President George W. Bush responded to the AIDS crisis in Africa in the 2000s with a huge investment of public health funding. More than a decade later, Mr. Bush and the United States remain venerated across much of the continent for the President’s Emergency Plan for AIDS Relief, or Pepfar, which the government says spent $85 billion and saved 20 million lives.

Michael Gerson, a former White House speechwriter under Mr. Bush and a policy adviser who helped devise the Pepfar program, said that its effect had been both moral and strategic, and that the program had earned the United States “a tremendous amount of good will” in Africa.

“I think the principle here should be that the people who need it most should get it no matter where they live,” he said. “It doesn’t make much moral sense to give a healthy American 24-year-old the vaccine before a frontline worker in Liberia.”

But, he added, “that’s very hard for an American politician to explain.”

Ana Swanson contributed reporting

View Source

Biden Takes First Tentative Steps to Address Global Vaccine Shortage

WASHINGTON — President Biden, under intense pressure to donate excess coronavirus vaccines to needy nations, moved on Friday to address the global shortage in another way, partnering with Japan, India and Australia to expand global vaccine manufacturing capacity.

In a deal announced at the so-called Quad Summit, a virtual meeting of leaders of the four countries, the Biden administration committed to providing financial support to help Biological E, a major vaccine manufacturer in India, produce at least 1 billion doses of coronavirus vaccines by the end of 2022.

That would address an acute vaccine shortage in Southeast Asia and beyond without risking domestic political blowback from exporting doses in the coming months, as Americans clamor for their shots.

The United States has fallen far behind China, India and Russia in the race to marshal coronavirus vaccines as an instrument of diplomacy. At the same time, Mr. Biden is facing accusations of vaccine hoarding from global health advocates who want his administration to channel supplies to needy nations that are desperate for access.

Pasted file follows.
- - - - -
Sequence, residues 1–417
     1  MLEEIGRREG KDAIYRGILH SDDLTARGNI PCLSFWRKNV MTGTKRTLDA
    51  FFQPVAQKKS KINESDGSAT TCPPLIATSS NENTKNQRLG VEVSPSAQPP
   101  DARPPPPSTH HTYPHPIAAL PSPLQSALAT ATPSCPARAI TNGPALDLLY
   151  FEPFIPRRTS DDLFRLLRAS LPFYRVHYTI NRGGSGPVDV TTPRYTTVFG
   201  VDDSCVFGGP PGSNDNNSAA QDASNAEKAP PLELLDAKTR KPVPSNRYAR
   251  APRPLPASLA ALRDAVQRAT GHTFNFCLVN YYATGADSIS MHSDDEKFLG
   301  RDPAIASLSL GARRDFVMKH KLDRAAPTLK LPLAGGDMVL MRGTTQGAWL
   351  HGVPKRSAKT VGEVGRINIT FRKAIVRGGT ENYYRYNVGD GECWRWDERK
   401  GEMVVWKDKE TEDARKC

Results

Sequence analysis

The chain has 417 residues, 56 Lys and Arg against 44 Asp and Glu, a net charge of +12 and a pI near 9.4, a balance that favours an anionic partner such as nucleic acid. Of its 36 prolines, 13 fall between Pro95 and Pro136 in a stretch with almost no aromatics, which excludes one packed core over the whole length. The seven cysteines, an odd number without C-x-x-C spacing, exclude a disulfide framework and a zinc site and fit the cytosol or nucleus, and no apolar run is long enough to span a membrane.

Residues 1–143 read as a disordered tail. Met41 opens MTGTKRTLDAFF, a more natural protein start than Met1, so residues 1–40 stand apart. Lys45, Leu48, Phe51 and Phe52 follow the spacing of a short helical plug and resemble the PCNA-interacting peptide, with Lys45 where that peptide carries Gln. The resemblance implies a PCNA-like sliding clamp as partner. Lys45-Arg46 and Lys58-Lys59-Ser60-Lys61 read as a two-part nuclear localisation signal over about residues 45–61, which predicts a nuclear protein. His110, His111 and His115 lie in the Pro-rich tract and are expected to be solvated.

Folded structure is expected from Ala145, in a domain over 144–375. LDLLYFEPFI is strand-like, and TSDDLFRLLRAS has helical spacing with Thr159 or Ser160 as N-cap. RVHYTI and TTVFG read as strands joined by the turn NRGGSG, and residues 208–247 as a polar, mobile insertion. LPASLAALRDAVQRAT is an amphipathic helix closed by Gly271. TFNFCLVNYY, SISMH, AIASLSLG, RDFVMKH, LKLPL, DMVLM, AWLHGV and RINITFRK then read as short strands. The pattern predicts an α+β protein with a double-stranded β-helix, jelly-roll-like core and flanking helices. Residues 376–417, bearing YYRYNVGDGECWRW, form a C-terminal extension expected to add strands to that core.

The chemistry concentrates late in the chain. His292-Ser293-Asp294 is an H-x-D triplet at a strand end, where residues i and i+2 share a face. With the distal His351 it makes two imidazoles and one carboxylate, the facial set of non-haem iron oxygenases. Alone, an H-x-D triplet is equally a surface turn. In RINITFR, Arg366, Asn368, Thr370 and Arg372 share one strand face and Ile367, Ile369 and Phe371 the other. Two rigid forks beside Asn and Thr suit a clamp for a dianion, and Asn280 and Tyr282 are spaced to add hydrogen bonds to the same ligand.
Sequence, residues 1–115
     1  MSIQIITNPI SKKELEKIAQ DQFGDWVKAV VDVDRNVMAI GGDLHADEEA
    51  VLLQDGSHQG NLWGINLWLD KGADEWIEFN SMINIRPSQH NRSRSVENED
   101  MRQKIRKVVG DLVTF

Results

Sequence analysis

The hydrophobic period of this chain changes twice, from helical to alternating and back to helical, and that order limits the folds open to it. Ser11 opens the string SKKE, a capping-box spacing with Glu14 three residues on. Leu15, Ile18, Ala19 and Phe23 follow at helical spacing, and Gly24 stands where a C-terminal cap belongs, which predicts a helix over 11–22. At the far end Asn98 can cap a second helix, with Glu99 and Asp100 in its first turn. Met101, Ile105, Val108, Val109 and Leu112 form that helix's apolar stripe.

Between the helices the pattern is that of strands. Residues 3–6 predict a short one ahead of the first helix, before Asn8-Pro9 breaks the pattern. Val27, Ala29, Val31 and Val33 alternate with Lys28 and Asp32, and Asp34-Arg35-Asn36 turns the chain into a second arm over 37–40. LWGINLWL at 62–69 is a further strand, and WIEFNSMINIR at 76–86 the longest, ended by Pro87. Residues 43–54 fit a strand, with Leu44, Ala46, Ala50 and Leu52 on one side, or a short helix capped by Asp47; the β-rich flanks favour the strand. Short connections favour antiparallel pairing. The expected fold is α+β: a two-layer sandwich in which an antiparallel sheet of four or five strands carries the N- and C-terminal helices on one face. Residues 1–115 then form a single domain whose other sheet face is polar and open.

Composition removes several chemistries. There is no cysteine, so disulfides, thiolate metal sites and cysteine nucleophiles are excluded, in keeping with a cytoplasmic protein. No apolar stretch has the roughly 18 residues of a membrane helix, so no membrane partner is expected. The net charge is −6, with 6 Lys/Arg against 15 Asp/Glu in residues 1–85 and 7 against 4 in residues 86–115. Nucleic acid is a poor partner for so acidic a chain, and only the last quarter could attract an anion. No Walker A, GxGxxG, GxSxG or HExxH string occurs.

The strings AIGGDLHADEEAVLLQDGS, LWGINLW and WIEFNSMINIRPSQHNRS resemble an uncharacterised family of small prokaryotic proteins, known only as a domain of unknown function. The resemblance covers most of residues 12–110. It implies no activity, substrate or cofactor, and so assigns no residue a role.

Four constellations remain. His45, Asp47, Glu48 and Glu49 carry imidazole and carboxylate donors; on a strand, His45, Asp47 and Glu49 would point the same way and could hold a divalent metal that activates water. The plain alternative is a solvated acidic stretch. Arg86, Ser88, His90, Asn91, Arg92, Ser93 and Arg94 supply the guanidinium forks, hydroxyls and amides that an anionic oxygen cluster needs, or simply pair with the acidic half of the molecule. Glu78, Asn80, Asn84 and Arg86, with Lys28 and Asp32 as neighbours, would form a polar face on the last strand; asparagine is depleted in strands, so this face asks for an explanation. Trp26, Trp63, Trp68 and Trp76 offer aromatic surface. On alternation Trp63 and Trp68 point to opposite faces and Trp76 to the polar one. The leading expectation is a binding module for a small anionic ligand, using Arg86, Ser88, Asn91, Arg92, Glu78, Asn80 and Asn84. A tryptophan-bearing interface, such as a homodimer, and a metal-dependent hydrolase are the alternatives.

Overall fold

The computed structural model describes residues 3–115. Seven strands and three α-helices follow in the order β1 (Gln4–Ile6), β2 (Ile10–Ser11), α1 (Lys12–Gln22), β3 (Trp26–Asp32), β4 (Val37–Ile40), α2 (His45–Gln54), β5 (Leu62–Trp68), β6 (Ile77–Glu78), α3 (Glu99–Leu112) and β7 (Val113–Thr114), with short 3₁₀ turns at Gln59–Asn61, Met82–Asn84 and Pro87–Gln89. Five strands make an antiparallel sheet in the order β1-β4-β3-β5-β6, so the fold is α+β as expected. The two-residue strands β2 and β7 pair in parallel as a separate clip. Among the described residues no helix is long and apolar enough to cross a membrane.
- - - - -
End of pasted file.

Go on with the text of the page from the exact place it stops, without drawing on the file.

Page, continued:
sit idly in American manufacturing facilities.

“If we have a surplus, we’re going to share it with the rest of the world,” Mr. Biden said this week, adding, “We’re going to start off making sure Americans are taken care of first, but we’re then going to try and help the rest of the world.”

In fact, the president has a lot of work ahead of him domestically to make good on the promises he has made in recent days: that all states must make all adults eligible for vaccinations by May 1, that enough vaccine doses will exist by the end of May to inoculate every American adult, and that by July 4, if Americans continue to follow public health guidance, life should be returning to a semblance of normalcy.

Vaccine supply appears on track to fulfill those goals, but the president must still create the infrastructure to administer the doses and overcome reluctance in large sectors of the population to take them.

Still, Mr. Biden has also made restoring U.S. leadership a centerpiece of his foreign policy agenda after his predecessor frayed alliances and strained relationships with allies and global partners. His secretary of state, Antony J. Blinken, said in a recent BBC interview that a global vaccination campaign would be part of that effort; Washington, he said, was “determined” to be an “international leader” on vaccinations.

according to the Centers for Disease Control and Prevention.

The authoritarian governments of China and Russia, which are less buffeted by domestic public opinion, are already using vaccines to expand their spheres of influence. While the Biden administration plans its strategy to counter China’s growing global clout, Beijing is burnishing its image by shipping vaccines to dozens of countries on several continents, including in Africa, Latin America and particularly in its Southeast Asian backyard.

Russia has supplied vaccines to Eastern European nations, including Hungary, the Czech Republic and Slovakia, at a time when Biden officials want to keep the European Union unified against Russian influence on the continent.